UK docs on Operation Bluestar: Time to probe Indira Gandhi's role

If it is true that the operation had been cleared and planned as far back as February 1984, then Indira Gandhi stands accused of near criminal culpability.

Hartosh Singh Bal January 15, 2014 07:37:34 IST

Thirty years ago Jarnail Singh Bhindranwale, the head of the Sikh seminary Damdami Taksal, had turned the GoldenTemple into a fortress. Firmans of violence and death were issued from the holy shrine.  On the night of 4 June the Army attacked. Codenamed Bluestar, the controversial operation ran into stiff resistance, armoured vehicles were brought in and the ensuing damage to the shrine left a community and a country at odds. It took a decade for peace to be restored to Punjab, it has taken much longer to even consider the possibility of reconciliation.

UK docs on Operation Bluestar Time to probe Indira Gandhis role

Golden Temple in Amritsar. Reuters

The basic question of how the country blundered so badly that night has still not been answered. Who was responsible for planning the botched up sequence of events that unfolded on that night and why have we failed to address the question of responsibility in straightforward fashion? Why do we believe that some issues are best left as they are, even as they continue to fester?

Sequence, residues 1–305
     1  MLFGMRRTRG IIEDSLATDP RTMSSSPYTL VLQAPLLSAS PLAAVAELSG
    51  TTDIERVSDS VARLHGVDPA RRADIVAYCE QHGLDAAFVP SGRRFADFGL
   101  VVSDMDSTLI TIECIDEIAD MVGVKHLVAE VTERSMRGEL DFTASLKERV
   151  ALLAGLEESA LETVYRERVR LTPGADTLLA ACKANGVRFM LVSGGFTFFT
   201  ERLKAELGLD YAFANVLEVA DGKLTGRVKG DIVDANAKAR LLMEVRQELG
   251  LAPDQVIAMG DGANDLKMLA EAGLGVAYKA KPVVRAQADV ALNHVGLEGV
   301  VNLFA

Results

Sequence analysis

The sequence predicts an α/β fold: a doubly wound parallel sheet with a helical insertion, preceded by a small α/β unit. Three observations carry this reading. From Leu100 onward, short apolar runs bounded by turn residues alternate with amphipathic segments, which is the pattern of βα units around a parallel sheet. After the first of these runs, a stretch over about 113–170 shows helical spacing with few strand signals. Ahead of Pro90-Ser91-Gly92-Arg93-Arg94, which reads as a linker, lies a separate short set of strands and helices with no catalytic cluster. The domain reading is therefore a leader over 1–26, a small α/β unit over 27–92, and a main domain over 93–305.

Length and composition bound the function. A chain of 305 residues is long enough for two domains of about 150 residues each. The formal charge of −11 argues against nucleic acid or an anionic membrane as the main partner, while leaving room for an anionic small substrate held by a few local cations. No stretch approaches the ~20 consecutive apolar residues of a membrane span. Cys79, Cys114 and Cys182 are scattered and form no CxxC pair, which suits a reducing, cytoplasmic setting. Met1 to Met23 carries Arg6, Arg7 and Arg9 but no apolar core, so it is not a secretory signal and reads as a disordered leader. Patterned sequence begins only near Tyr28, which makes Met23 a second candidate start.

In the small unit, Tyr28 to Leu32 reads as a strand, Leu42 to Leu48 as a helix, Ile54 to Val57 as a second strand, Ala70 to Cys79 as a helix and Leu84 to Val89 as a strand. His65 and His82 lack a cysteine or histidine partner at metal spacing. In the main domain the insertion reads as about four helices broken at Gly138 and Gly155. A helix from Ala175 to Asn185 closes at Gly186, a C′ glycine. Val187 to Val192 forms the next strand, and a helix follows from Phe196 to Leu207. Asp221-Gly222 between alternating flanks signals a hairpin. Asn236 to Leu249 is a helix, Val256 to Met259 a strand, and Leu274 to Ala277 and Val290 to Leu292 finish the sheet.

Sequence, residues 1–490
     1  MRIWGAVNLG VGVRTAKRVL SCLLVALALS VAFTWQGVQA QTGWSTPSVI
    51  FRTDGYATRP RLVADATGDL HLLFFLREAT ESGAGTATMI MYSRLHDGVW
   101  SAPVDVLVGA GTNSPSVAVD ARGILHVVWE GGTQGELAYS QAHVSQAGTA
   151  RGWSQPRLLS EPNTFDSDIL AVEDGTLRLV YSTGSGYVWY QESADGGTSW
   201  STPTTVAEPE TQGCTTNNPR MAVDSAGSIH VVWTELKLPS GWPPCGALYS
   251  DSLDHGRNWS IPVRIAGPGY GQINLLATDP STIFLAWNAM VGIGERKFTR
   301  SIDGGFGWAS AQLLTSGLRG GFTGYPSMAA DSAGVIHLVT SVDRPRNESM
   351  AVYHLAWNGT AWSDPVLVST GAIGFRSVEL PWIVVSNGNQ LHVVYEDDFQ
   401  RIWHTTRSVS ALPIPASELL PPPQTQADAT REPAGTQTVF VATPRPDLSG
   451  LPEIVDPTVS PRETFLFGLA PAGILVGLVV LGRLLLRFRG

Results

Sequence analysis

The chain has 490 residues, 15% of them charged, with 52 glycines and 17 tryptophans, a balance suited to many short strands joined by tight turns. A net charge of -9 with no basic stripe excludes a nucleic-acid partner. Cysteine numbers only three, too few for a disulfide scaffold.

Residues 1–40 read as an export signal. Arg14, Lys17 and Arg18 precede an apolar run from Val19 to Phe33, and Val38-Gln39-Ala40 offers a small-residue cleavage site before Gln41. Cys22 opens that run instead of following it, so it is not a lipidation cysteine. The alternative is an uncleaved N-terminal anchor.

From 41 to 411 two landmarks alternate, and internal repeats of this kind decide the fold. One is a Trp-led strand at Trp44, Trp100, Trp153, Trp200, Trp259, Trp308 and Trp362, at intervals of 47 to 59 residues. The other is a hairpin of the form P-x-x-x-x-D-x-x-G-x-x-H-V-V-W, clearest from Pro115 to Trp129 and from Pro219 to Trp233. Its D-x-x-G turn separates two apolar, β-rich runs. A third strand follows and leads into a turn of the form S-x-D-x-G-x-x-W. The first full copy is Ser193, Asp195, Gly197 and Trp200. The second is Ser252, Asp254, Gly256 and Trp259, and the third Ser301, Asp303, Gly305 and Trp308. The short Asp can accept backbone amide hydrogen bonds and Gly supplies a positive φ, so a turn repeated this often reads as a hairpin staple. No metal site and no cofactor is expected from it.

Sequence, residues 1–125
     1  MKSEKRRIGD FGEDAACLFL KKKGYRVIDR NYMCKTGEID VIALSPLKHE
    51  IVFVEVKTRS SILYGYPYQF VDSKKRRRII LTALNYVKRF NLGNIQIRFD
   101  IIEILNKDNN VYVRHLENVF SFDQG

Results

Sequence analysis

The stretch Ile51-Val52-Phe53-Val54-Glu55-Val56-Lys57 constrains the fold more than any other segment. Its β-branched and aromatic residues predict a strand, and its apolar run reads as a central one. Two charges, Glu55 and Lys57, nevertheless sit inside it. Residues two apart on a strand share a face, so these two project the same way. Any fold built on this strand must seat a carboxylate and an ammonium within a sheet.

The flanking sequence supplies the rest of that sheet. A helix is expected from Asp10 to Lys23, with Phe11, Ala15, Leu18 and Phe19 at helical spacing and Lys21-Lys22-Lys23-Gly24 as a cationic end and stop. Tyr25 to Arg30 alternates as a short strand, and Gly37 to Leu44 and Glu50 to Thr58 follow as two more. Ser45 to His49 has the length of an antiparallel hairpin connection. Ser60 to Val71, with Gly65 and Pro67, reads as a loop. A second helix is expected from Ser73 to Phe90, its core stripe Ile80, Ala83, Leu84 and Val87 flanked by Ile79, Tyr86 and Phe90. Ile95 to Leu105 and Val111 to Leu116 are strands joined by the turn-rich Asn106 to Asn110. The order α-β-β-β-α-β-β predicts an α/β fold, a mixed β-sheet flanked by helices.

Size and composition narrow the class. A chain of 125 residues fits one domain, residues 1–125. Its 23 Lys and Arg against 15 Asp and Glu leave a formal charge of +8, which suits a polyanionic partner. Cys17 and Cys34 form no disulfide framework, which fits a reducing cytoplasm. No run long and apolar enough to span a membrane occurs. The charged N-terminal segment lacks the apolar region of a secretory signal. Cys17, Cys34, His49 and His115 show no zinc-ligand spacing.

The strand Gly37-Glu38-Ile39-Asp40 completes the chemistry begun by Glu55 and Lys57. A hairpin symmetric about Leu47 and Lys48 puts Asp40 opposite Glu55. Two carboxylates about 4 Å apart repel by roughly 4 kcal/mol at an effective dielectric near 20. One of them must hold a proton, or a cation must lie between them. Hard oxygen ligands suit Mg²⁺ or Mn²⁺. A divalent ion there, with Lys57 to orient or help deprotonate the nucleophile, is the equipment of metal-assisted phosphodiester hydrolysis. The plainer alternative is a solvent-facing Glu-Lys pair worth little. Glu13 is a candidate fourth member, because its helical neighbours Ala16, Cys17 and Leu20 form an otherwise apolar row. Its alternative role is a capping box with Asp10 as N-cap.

Yesterday, David Cameron ordered a probe after recently declassified documents suggest that the UK played an active role in planning the actual operation. Made public by Labour MP Tom Watson, the documents do not just seem to reveal the extent of British involvement, they also raise serious questions about how Indira Gandhi went about conceiving this operation. While it was for Sikhs in Britain to worry about the unravelling of the  naïve faith they have in their own government as they go about berating India, is it not time that we in this country should consider a public probe into what transpired?

Consider what the documents reveal. In a letter, written by Margaret Thatcher’s private secretary from 10 Downing Street to Brian Fall, private secretary to then foreign secretary Geoffrey Howe, "Thank you for your letter of 3 February about the Indian request for advice on plans for the removal of dissident Sikhs from the Golden Temple. The Prime Minister is content that the Foreign Secretary should proceed as he proposes."

The other letter made public, dated 23 February, is written by Fall to his counterpart under the home secretary,"The Indian authorities recently sought British advice over a plan to remove Sikh extremists from the Golden Temple in Amritsar…an SAD (sic) officer has visited India and drawn up a plan which has been approved by Mrs Gandhi…the knowledge of the SAS officer’s visit and of his plan has been tightly held in India and in London."

Clearly then, if the documents are authentic, and they certainly seem to be so, Indira Gandhi had already approved of a plan to remove Bhindranwale from the Golden Temple as early as February 1984. Yet, the person who commanded the operation, Lt General KS Brar, was first told about the operation less than a week before it was carried out.